Being commissioner of a fantasy football league can be time-consuming, but it hasn’t caused Wood to retire from his day job. He owns Woodshed 2, a sports bar near Dobson Road and University Drive in Mesa. He sold his original Woodshed at Baseline and Mill in 2016 after 37 years.

A-Hilt proved to be an ingenious mechanism created in 1978 to keep the small group of high school and college friends together, for life – in two cases until death did them part.

Wood proudly proclaims that his 14 championships are the most in league history.

And?

“We have a big trophy that has every winner on it,” Wood said, “and one of the things that’s a little unusual about that is the trophy has a couple of drawers in it. Over the course of 42 years, we’ve had two members pass away. We put some of their ashes in medicine bottles and keep those in a drawer in the trophy. It’s little remembrances of each one as we go by.”

A-hilt.

A-Hilt is believed to be the longest continuously operated fantasy league. Anywhere. No less of an authority than “The Swami,” ESPN’s Chris Berman, believes it to be just that, according to Wood, who added that nobody seems able to produce evidence to debunk his claim.

When created in 1978, it cost teams 5 bucks a week to play. The Super Bowl winner got to take a date out for dinner with wine, and bring back the tab for the group to split. Now it’s $100 a week. The weekly winner in the 10-team league gets $600, the runner up $300 and third-place $100.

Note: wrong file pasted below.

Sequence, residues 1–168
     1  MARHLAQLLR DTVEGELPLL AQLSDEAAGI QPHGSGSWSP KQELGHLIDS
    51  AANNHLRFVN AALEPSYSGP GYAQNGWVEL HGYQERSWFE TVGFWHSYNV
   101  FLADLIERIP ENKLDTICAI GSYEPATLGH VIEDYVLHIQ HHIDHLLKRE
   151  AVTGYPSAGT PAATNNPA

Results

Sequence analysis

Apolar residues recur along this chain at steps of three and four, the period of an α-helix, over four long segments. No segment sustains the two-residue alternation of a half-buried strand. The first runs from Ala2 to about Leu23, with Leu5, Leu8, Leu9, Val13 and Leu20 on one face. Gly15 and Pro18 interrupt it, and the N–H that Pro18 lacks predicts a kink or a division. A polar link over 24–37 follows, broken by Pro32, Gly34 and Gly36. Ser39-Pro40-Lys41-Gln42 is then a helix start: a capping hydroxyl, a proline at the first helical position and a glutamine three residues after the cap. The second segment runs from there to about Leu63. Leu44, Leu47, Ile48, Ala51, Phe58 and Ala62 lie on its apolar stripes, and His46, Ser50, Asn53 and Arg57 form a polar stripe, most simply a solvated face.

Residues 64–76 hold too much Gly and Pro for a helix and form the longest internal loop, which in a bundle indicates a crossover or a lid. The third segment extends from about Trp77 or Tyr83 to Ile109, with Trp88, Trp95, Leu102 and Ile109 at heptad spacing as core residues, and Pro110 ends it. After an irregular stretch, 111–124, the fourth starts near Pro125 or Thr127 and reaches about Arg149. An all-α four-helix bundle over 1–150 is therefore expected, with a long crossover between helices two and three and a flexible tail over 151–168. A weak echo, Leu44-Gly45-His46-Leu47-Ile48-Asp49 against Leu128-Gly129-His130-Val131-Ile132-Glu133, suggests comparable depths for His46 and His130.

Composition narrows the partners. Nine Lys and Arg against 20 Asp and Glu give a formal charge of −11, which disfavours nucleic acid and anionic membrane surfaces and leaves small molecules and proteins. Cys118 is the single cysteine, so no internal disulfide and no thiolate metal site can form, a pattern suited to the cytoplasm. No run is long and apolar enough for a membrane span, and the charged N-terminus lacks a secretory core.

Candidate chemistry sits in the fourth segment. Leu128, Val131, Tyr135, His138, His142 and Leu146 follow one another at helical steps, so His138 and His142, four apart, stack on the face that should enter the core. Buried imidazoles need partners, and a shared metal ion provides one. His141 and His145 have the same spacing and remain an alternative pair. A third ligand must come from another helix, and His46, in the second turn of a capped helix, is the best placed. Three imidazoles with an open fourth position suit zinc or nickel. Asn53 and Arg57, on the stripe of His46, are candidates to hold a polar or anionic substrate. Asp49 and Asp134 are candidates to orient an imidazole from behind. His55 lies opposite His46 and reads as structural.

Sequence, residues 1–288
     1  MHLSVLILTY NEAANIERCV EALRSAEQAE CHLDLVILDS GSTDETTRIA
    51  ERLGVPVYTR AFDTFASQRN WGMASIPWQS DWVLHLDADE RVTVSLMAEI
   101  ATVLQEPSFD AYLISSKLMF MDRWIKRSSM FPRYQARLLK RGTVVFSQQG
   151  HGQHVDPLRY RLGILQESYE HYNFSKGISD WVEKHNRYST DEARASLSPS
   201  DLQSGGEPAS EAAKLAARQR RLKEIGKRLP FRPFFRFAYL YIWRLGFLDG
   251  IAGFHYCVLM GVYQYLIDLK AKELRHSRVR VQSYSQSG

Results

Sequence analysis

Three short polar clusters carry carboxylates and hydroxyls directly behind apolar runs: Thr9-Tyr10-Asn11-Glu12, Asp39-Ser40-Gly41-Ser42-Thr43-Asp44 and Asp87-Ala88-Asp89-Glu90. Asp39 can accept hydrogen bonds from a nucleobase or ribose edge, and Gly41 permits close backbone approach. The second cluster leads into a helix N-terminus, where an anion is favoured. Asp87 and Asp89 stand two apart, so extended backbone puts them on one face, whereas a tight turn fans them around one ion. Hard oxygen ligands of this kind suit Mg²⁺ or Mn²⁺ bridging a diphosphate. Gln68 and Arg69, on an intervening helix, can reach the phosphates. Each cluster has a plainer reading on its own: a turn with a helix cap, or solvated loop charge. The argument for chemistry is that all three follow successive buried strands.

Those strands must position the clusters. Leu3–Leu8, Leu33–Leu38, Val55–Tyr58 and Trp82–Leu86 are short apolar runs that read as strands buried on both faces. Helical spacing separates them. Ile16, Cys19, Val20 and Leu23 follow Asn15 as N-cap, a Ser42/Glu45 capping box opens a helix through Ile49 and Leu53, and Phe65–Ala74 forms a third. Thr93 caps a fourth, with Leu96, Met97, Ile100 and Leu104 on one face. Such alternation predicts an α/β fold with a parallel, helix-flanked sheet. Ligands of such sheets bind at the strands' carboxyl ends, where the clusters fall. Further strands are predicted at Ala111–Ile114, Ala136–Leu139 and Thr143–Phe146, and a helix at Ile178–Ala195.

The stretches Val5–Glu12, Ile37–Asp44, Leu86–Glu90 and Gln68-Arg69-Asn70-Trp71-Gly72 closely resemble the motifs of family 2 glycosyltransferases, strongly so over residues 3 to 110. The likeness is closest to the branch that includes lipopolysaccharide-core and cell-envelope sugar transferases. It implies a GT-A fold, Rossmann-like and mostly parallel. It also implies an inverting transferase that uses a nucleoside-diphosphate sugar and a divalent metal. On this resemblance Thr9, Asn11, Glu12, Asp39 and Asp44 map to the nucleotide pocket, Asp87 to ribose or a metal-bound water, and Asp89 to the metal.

They split the NFL season, the “A” season being the first eight weeks and the “B” season being the final nine. There is a draft after each season. Each roster has 17 players and team owners may protect seven players at draft time. The remaining 10 go back into the draft.

At the conclusion of each season, they kick in another $250 each and the cumulative winner is declared Super Bowl champion, taking home $2,500.

“So there’s money to be made,” Wood said. “And it gets us all together a couple of times a year for our drafts as we all age.”

The A-Hilt Football League’s rules set it apart from most fantasy football leagues today. It is a scoring-only league. There are no bonus points for passing, rushing or receiving performances.

“It’s a keeper league, so it’s as much like the NFL as we can make it,” Wood said. “By having a ‘B’ season it keeps everybody’s interest up if you’re out of it by the end of the ‘A’ season.”

If an A-Hilt team owner wants a star player, his best bet is to draft him coming out of college and keep him on his roster, for instance a young quarterback like Tua Tagovailoa or Justin Herbert.

“Then you hope they develop as time moves on, just like the NFL does,” Wood said. “It’s really been fun, and exciting.

“And, as much as we love and respect each other, we still have a bloody rivalry when it comes to who wins that trophy,” Wood added. “It keeps our full attention. But even better, it’s kept us all together and communicating with each other for 42 years, which is awesome.”